Q: Do you get personally invested, emotionally, in risks that don’t pan out?

Of course, because you are dealing with people, and pulling the plug on the company is pulling the plug on people. I definitely don’t follow the rule that I should follow, which is cut the losses quickly. I can let things go on too long.

Even if you try something and fail, I think it’s good for the brand. Virgin is sort of the underdog brand, so if we try something and we fall flat on our face, somehow I think it doesn’t do too much harm. So we’re willing to take bigger risks, or slightly bigger risks, than some.

Q: Can you talk about Virgin Galactic?

I saw the moon landing as a young teenager (and) thought that one day I’d be able to go to the moon. I soon realized that because (it was) a government-run space travel (program), that they weren’t interested in you or me going to space. So, in 1990, I registered the name Virgin Galactic — I always like the sound of the name — and headed around the world to see if I can find any engineers or technicians that could build a spaceship that could offer people a return ticket.

Q: What do you have to say about your dreams?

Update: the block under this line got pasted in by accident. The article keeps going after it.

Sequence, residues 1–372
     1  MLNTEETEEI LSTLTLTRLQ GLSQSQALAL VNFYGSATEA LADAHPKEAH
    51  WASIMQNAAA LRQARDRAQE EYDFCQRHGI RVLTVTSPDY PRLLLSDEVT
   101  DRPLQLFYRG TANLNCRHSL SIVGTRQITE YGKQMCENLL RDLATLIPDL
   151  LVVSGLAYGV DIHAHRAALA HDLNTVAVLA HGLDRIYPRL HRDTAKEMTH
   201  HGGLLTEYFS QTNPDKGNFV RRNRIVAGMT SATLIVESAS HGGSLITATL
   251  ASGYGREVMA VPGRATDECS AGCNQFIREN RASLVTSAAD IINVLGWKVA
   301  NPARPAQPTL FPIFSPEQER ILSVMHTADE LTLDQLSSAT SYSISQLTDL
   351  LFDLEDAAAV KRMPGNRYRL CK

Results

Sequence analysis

I’m just very fortunate that I’m in a position where I can try to fulfill my dreams. The sky is usually not the limit. It’s just getting out there, finding the genius that Tom was. He came up with this idea, that the biggest danger with space travel is the re-entry. If you can turn the spaceship into a giant shuttlecock, you can then literally come in as a shuttlecock and the pilot would be sound asleep. You haven’t got all the risks that NASA had in the past. And then turn it back into a spaceship and come back down again.

It’s just great to be able to find people like that, who have the genius ideas, and invest in them and enjoy the excitement.

Q: What are lessons that come to mind from your career?

The names of the books sum up my philosophy in life: ‘Screw it, Let’s Do it.’ I’m the sort of person that says, ‘Let’s just give it a try.’